"In a traditional corneal transplant, the central part of the cornea is removed and a donor cornea is sutured in its place. Image courtesy of Dr. Edward Holland, University of Cincinnati.
Ten years after a transplant, a cornea fro"...
Bromday Consumer (continued)
Remember that your doctor has prescribed this medication because he or she has judged that the benefit to you is greater than the risk of side effects. Many people using this medication do not have serious side effects.
Tell your doctor immediately if any of these unlikely but serious side effects occur: severe pain/redness in the eye, sensitivity of the eyes to light (photophobia), eye discharge, blurry/abnormal vision, feeling as if something is in the eye, itching/redness/pain around the eyes.
A very serious allergic reaction to this drug is rare. However, seek immediate medical attention if you notice any of the following symptoms of a serious allergic reaction: rash, itching/swelling (especially of the face/tongue/throat), severe dizziness, trouble breathing.
If you notice other effects not listed above, contact your doctor or pharmacist.
In the US -
Call your doctor for medical advice about side effects. You may report side effects to FDA at 1-800-FDA-1088.
In Canada - Call your doctor for medical advice about side effects. You may report side effects to Health Canada at 1-866-234-2345.
Read the Bromday (bromfenac ophthalmic solution) Side Effects Center for a complete guide to possible side effects
PRECAUTIONS: Before using bromfenac, tell your doctor or pharmacist if you are allergic to it; or to aspirin or other NSAIDs (e.g., naproxen, celecoxib); or if you have any other allergies. This product may contain inactive ingredients (such as sulfites), which can cause allergic reactions or other problems. Talk to your pharmacist for more details.
This medication should not be used if you have certain medical conditions. Before using this medicine, consult your doctor or pharmacist if you have: aspirin-sensitive asthma (a history of worsening breathing with runny/stuffy nose after taking aspirin or other NSAIDs).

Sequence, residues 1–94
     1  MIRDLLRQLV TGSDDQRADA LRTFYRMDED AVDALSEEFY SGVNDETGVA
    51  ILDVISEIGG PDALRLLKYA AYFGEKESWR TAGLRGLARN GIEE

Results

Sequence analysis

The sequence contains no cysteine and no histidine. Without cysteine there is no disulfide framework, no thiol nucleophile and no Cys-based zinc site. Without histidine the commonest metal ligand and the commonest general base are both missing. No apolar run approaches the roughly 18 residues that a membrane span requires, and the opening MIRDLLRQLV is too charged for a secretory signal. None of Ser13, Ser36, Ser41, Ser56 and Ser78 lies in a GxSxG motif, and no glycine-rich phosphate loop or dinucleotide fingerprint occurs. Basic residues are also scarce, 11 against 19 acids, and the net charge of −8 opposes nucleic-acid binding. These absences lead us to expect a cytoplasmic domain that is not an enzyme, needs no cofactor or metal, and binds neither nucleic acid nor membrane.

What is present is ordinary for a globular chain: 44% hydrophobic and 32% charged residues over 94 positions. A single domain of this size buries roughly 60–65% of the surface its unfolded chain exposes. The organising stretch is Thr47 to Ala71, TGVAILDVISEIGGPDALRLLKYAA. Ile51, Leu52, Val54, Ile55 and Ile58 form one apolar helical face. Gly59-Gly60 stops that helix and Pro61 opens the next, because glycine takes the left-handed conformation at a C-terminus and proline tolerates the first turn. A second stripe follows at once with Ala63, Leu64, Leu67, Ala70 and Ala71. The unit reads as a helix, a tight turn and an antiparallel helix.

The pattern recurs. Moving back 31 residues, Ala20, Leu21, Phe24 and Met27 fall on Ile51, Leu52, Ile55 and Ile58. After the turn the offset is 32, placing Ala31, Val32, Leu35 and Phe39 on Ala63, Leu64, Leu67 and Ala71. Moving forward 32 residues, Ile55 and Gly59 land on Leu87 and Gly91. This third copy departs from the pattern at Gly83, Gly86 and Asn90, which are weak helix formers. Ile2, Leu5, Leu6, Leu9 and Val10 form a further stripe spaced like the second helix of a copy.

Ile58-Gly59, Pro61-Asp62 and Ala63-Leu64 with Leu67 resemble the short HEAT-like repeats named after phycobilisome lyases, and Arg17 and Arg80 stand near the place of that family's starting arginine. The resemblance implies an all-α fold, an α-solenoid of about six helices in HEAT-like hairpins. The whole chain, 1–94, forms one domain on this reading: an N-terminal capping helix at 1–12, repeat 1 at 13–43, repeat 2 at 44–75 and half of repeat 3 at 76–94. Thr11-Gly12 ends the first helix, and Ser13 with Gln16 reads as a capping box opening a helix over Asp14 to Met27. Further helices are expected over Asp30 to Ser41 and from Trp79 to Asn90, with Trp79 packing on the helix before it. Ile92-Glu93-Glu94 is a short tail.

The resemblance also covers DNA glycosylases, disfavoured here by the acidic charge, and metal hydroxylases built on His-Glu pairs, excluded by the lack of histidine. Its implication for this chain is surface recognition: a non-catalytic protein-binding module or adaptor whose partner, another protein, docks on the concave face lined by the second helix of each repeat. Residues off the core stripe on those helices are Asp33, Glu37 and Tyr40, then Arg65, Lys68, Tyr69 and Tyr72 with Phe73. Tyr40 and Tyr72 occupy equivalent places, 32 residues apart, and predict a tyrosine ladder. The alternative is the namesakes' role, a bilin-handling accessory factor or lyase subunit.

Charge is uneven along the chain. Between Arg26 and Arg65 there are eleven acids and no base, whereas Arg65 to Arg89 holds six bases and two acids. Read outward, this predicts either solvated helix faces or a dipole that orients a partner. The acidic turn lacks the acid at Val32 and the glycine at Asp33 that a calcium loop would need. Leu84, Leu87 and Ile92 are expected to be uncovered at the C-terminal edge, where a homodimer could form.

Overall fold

Before using this medication, tell your doctor or pharmacist your medical history, especially of: bleeding disorders, other eye problems (e.g., dry eye syndrome, corneal problems), diabetes, rheumatoid arthritis, asthma, growths in the nose (nasal polyps).
After you apply this drug, your vision may become temporarily blurred. Do not drive, use machinery, or do any activity that requires clear vision until you are sure you can perform such activities safely.
Before using this medication, women of childbearing age should talk with their doctor(s) about the benefits and risks (such as miscarriage). Tell your doctor if you are pregnant or if you plan to become pregnant. During pregnancy, this medication should be used only when clearly needed. It is not recommended for use during the first and last trimesters of pregnancy due to possible harm to the unborn baby and interference with normal labor/delivery.
It is not known whether this drug passes into breast milk. Consult your doctor before breast-feeding.
Additional Bromday Information
- Bromday Drug Interactions Center: bromfenac opht
- Bromday Side Effects Center
- Bromday Overview including Precautions
- Bromday FDA Approved Prescribing Information including Dosage
Bromday - User Reviews
Bromday User Reviews
Now you can gain knowledge and insight about a drug treatment with Patient Discussions.
Report Problems to the Food and Drug Administration
You are encouraged to report negative side effects of prescription drugs to the FDA. Visit the FDA MedWatch website or call 1-800-FDA-1088.
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